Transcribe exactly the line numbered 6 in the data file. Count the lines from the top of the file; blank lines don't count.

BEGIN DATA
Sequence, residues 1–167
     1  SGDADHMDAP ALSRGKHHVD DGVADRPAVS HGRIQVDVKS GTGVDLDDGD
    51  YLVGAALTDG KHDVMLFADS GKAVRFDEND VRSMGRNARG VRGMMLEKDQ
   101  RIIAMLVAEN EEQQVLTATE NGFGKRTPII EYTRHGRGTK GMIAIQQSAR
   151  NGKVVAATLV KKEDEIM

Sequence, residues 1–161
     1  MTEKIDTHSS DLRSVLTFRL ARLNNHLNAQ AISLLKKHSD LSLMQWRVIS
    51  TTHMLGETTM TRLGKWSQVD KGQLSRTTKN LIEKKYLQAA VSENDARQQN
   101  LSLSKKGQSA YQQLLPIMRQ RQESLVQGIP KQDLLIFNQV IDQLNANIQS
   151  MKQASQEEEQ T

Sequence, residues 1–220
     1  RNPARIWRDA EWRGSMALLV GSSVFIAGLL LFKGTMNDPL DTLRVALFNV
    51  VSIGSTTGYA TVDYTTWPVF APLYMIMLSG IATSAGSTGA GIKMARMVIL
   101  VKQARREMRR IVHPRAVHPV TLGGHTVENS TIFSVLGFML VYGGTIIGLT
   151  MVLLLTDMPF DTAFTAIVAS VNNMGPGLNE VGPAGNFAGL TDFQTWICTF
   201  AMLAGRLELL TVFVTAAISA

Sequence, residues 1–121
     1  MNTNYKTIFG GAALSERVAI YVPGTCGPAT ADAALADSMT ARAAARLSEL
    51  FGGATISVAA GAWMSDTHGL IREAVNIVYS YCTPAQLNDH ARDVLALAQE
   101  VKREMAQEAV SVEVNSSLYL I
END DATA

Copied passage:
Sequence, residues 1–161